Richard Quinn

I WAS RECENTLY looking at one of those “whatever happened to” top 10 lists. In this case, it was about a select group of celebrities and their money—or lack thereof. The point of the list: All of these people, who had made millions, were broke or worse. Several had filed for bankruptcy more than once. Others were deep in debt and most owed hundreds of thousands to the IRS. One former star, who once earned several million dollars a year, had $5,000 in the bank.

How does that happen? I guess their celebrity status was no guarantee they’d be smart or act responsibly. In some cases, they were duped into poor investments. But the overriding cause of their woes was out-of-control spending, living lavishly during the peak of their stardom with little regard for the future.

Why should we care about these folks? They provide a good learning experience for us mortals, and especially young people who idolize these celebrities and their lifestyles.

Overspending, ignoring future financial needs and not learning to manage money are common failures for many Americans. But why are we surprised? Formal financial education is very limited.

The Council for Economic Education reports that only 17 states require high school students to take a course in personal finance and only 22 require they take a course in economics. Studies have found that, without financial education, students are more likely to end up with low credit scores and other financial problems.

I also question the effectiveness of the formal education that is offered. In an admittedly unscientific study, I recently asked a few teenagers, who had taken high school financial education classes, some basic money questions. They were clueless. To be fair, we’re talking teenagers here, so they were probably distracted by their phones.

But what about adults? Participants in FINRA’s National Financial Capability Study were asked five questions covering relatively common financial issues, such as compounding, inflation, diversification, mortgages, and bond prices and interest rates. The results weren’t encouraging: 63% of participants got three or fewer questions correct.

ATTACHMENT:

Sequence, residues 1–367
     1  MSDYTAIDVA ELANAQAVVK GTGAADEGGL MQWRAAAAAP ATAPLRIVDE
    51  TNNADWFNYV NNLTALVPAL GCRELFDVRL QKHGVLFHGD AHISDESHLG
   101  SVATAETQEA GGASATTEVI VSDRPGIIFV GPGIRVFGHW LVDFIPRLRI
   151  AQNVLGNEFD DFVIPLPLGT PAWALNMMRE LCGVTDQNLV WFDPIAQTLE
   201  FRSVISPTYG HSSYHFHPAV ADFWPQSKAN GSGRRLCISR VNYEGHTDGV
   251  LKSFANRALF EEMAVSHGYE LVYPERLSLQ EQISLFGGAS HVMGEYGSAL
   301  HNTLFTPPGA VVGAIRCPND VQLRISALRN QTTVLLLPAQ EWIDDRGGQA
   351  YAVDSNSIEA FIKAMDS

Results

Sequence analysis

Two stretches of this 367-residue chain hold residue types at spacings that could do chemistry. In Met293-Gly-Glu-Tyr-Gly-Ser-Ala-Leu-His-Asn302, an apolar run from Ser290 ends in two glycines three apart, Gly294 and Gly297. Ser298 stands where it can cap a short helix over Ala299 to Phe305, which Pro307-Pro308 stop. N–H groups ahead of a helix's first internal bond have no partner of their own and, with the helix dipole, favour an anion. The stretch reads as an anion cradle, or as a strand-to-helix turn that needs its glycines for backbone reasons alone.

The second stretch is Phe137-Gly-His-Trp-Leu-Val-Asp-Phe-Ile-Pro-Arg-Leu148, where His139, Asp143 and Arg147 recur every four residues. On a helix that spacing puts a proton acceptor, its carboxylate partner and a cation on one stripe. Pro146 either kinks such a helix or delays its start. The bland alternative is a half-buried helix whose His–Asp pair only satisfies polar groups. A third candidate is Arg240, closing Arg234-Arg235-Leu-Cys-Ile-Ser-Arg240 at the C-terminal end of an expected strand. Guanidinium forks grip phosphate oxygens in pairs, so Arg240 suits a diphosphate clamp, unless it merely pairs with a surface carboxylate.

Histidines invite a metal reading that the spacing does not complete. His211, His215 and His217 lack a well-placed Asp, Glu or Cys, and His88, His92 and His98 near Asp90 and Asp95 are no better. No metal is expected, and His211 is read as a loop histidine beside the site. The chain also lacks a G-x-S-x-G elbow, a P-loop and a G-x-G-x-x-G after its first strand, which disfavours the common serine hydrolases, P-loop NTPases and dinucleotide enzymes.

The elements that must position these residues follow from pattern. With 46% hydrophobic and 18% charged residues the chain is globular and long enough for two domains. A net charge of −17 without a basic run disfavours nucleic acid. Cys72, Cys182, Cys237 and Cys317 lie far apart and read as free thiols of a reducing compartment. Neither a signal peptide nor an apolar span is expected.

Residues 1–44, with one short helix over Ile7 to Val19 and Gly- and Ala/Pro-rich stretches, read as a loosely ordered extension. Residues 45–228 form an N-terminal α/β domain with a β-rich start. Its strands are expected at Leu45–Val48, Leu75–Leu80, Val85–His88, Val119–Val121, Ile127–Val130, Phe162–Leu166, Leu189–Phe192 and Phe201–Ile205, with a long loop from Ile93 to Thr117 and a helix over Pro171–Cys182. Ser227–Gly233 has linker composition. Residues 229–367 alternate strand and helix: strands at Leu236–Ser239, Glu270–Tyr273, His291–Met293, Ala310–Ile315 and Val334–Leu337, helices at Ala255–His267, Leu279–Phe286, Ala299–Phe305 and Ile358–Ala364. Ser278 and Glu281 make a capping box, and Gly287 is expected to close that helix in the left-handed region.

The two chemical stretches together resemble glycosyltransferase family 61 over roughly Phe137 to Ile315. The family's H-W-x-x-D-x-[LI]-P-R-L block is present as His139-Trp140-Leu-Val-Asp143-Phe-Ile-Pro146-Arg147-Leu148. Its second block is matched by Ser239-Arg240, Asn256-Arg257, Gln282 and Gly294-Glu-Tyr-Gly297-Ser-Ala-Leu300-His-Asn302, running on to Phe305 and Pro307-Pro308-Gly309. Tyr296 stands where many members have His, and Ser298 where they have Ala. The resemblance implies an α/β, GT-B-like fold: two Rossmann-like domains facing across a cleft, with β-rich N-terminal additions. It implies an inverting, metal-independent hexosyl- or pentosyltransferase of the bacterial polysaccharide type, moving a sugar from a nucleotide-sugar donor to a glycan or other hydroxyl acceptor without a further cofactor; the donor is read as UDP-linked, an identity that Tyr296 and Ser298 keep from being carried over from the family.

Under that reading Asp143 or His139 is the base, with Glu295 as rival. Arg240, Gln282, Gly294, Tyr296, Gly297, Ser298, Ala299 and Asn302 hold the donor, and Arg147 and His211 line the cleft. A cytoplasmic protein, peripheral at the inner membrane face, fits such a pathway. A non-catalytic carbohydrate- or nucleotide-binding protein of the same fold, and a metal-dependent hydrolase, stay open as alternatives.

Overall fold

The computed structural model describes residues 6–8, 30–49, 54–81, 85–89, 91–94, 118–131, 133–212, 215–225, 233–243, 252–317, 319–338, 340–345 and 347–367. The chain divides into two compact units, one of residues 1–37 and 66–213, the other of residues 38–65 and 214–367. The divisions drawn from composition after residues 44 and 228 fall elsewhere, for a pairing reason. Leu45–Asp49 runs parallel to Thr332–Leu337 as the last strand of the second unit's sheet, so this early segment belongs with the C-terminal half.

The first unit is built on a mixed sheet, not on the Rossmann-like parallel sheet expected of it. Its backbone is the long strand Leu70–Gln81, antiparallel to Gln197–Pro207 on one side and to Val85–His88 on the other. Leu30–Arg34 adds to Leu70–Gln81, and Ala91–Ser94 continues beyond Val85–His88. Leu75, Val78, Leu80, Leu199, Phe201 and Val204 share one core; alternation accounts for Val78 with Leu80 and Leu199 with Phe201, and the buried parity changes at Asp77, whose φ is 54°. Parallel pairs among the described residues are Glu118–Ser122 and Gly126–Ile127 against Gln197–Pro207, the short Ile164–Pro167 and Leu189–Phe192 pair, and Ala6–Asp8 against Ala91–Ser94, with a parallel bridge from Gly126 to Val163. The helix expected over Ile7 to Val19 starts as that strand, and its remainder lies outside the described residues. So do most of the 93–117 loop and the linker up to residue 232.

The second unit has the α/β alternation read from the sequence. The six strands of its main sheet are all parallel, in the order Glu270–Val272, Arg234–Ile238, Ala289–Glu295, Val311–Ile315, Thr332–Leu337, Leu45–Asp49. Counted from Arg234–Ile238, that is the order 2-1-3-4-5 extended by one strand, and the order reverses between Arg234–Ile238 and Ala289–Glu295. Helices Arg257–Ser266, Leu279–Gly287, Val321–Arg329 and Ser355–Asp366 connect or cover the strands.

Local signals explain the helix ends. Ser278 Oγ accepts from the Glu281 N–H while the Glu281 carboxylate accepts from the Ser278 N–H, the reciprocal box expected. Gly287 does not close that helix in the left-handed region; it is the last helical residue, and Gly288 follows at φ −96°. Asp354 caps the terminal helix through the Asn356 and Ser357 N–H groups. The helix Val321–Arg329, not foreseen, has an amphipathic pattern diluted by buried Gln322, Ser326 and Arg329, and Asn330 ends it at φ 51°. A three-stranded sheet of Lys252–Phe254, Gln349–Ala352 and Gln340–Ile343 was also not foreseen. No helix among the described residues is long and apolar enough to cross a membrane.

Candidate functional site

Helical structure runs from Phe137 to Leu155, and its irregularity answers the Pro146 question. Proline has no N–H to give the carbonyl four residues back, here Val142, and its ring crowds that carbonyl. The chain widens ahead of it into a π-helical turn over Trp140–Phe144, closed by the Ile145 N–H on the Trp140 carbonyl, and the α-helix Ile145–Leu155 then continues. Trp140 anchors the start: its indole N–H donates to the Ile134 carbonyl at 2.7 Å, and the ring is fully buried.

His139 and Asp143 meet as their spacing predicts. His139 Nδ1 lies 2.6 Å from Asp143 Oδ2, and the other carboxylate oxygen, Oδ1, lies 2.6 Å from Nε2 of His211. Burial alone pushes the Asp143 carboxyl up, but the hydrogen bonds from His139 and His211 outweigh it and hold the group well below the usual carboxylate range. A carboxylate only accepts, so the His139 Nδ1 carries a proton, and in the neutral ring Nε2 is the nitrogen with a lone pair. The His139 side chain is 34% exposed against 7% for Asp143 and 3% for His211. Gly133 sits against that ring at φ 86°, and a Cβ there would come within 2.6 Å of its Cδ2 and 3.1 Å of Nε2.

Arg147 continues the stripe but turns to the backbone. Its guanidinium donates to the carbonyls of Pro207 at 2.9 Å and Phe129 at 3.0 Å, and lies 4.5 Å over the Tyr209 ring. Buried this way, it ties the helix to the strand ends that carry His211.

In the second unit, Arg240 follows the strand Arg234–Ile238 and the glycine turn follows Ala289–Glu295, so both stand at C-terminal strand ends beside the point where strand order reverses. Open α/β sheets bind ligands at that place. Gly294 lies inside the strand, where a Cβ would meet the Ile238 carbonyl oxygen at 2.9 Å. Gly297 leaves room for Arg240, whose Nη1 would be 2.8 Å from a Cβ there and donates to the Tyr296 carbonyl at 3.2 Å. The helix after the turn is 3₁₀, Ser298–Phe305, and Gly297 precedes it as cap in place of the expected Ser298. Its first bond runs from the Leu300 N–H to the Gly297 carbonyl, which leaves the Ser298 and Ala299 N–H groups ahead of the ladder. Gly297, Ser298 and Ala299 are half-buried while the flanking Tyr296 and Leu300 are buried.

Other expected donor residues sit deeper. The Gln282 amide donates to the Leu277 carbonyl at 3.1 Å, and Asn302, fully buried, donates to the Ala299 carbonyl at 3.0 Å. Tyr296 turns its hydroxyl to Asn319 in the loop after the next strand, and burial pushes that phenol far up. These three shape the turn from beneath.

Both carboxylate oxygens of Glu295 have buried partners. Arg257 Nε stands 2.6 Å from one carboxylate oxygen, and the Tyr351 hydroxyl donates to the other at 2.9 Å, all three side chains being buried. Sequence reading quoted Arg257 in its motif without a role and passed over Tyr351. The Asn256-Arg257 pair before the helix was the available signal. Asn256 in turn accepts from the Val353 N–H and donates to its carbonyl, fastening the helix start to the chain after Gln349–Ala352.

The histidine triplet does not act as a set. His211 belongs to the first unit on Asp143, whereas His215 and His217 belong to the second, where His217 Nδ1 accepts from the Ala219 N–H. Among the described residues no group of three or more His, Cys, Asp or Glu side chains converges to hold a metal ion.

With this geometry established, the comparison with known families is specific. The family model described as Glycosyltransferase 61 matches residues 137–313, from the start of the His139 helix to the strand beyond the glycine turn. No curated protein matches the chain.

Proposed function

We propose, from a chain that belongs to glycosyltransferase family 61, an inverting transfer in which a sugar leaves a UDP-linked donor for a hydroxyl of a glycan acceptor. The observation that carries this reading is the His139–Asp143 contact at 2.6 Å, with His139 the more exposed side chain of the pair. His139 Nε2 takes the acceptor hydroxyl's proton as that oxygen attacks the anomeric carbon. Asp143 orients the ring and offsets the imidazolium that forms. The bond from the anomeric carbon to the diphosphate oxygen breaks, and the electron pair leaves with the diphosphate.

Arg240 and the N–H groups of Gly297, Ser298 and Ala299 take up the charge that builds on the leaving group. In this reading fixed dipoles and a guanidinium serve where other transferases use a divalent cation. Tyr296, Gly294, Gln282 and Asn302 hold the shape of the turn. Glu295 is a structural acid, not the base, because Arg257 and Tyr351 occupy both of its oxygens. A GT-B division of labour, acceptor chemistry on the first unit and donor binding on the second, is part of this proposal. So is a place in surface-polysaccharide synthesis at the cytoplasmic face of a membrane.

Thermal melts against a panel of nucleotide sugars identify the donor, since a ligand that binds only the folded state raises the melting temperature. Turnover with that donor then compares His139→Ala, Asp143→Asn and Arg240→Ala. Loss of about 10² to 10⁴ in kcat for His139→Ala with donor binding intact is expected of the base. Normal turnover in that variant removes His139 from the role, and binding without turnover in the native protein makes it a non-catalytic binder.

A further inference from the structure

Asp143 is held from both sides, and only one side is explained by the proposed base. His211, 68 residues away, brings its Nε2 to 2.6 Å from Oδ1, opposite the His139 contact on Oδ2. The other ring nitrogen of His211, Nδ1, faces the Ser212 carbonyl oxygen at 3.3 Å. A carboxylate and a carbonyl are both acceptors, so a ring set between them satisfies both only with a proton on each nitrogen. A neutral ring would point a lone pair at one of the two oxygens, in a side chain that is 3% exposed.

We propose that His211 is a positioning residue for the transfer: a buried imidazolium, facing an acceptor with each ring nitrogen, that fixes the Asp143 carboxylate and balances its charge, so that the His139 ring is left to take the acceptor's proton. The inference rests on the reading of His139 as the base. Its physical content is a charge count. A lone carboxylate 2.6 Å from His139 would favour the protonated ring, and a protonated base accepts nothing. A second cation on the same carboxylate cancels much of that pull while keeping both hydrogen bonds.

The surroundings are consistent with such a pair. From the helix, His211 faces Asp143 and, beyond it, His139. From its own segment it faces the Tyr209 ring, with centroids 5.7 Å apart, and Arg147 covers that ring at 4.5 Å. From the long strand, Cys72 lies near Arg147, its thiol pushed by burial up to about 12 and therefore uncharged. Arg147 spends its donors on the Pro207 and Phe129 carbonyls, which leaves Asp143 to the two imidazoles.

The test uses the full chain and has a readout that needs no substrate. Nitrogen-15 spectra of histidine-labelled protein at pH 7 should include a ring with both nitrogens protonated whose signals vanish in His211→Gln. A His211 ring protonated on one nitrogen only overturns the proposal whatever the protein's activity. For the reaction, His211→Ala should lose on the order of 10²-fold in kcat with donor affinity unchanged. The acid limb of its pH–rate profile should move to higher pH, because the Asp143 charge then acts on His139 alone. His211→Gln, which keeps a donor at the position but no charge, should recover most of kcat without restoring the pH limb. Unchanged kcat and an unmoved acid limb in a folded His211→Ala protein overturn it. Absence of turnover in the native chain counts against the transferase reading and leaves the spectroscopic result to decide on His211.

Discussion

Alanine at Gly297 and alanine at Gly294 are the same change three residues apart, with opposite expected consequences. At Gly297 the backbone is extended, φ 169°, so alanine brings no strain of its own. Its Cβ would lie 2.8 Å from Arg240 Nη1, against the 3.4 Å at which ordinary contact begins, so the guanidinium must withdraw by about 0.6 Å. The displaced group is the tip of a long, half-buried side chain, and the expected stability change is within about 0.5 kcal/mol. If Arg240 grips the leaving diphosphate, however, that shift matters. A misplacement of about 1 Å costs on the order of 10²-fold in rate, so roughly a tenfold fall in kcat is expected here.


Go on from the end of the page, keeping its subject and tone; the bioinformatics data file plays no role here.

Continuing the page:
The evidence overwhelming indicates all too many people aren’t adequately preparing for their future retirement. One study suggests at least 50% of Americans will see their standard of living drop once they retire. Dealing with the present seems beyond the ability of many, so maybe we shouldn’t be surprised they also struggle to save for the future.

Where does all this leave us? We have a population that’s poorly educated in financial and economic matters, older workers who are ill-prepared for retirement, a younger generation saddled with student loans and finding it difficult to control their spending, and a retired generation calling for higher Social Security benefits.

A bailout would seem to be in order. But who’s going to do the bailing?

Richard Quinn blogs at Before retiring in 2010, Dick was a compensation and benefits executive. His previous articles include Hard EarnedTime to Choose, Reality Check and Mini-Golf, Anyone. Follow Dick on Twitter @QuinnsComments.

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